Posted on November 16, 2014
Situations in our work lives, can evoke strong emotions: a tense meeting, challenging changes in the organization, a co-worker gets let go…or you are told your position is cut. How to manage and respond with your best self? I often encourage clients to use this simple and incredibly effective writing tool to get clear on what they want, what they believe and what they think.
Posted on July 18, 2014
TAKE TEN MINUTES OUT
By Lloyd J. Thomas, Ph.D.
Stress plays a major role in our lives. We can become addicted to
it. We can become ill with it. Using it, we can achieve more. We
can “break down” from it. We can adapt to it. Some of us are so
adapted to it, we don’t know how to function without it.
Over the past 20 years, the U.S. Surgeons General have reported that
85 percent of our illnesses are related to stress. Stress can kill
us. Dr. Herbert Benson coined “the relaxation response” to describe
the opposite response to stress. But these days, who has the time to
learn the relaxation response? We’re so busy running on
stress-created biochemicals; we rarely incorporate relaxation into our
lifestyles. Failure to balance the stress response with the
relaxation response, however, puts us at high risk for some type of
physical, mental, emotional or relational breakdown.
Here are a few quick, five- or ten-minute activities, which you can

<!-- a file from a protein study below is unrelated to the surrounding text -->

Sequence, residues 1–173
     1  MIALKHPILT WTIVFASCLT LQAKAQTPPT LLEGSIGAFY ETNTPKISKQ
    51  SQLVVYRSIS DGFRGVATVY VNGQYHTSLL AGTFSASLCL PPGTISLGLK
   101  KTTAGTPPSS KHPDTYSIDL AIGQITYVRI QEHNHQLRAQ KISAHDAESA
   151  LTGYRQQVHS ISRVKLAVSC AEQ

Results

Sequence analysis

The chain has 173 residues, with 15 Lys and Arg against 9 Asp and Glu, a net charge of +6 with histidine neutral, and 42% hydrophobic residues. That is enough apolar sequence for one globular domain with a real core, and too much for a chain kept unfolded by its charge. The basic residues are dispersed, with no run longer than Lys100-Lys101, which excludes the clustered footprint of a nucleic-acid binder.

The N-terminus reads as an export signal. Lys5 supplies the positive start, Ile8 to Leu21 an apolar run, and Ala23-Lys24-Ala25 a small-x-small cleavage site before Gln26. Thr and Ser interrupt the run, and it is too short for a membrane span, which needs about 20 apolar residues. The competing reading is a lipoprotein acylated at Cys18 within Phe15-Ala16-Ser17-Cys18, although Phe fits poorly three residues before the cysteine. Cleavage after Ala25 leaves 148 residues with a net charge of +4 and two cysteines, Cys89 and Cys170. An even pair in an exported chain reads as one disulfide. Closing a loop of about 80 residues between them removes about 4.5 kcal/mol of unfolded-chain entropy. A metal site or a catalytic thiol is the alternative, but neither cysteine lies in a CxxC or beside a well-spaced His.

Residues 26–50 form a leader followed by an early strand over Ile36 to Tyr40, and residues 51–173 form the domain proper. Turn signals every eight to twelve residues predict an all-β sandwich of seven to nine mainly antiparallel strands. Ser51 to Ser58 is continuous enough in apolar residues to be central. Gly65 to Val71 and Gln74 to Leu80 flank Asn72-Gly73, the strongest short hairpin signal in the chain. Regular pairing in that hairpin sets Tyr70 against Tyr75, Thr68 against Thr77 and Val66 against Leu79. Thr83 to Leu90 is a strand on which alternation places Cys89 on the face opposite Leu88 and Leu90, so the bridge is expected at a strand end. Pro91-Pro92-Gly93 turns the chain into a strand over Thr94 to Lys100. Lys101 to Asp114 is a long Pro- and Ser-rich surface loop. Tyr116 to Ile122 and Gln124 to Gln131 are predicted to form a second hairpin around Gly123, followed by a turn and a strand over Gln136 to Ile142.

rapidly incorporate into your high-speed, highly-stressed daily life.
They just might help you create a stress-relaxation balance in your
Go on ten-minute mini-vacations in your mind. At the workplace or
at home, close your eyes, take 5 deep, sighing breaths, and in your
imagination, create a sensory-rich picture of your favorite vacation
spot. Picture yourself there. Smell the scents in the air. Feel the
breeze on your skin. Listen to the sounds of the birds, insects,
water or wind. Listen to the silence. Experience the warmth or
coolness of the air around you. See the colors, light and shadows of
the scene. And taste your favorite food while in this vacation spot.
Picture yourself lying down and enjoying the surrounding environment.
And relax. Soften all bodily tension. And breathe as if you were
falling asleep. This ten-minute vacation can profoundly generate the
Go to the restroom or home bathroom. Splash water on your face.
Take time to massage your facial muscles with warm water. Let your
jaw drop slightly and massage your cheeks. When your hands are very
warm, rub the back of your neck. Focus your attention on softening
all your face and neck muscles. Allow your eyes to rest in the warmth
of your hands covering them.
When you return from work, or before bed at night, take a very warm
bath or shower. Light candles and incense. Softly play your favorite
music. Imagine that the stress in your body is being dissolved and